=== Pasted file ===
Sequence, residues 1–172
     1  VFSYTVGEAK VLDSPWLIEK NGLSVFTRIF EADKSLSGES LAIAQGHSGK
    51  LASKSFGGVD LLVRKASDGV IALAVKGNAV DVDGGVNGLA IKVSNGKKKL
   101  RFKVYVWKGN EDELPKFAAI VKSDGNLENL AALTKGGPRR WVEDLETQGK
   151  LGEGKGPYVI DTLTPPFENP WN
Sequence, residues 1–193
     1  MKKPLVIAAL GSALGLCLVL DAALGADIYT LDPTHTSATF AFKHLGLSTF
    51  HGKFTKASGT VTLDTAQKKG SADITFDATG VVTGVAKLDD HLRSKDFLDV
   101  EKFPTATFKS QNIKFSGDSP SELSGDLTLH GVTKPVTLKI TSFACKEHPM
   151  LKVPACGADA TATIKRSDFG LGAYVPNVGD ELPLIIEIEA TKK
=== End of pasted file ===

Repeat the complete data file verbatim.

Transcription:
Sequence, residues 1–172
     1  VFSYTVGEAK VLDSPWLIEK NGLSVFTRIF EADKSLSGES LAIAQGHSGK
    51  LASKSFGGVD LLVRKASDGV IALAVKGNAV DVDGGVNGLA IKVSNGKKKL
   101  RFKVYVWKGN EDELPKFAAI VKSDGNLENL AALTKGGPRR WVEDLETQGK
   151  LGEGKGPYVI DTLTPPFENP WN
Sequence, residues 1–193
     1  MKKPLVIAAL GSALGLCLVL DAALGADIYT LDPTHTSATF AFKHLGLSTF
    51  HGKFTKASGT VTLDTAQKKG SADITFDATG VVTGVAKLDD HLRSKDFLDV
   101  EKFPTATFKS QNIKFSGDSP SELSGDLTLH GVTKPVTLKI TSFACKEHPM
   151  LKVPACGADA TATIKRSDFG LGAYVPNVGD ELPLIIEIEA TKK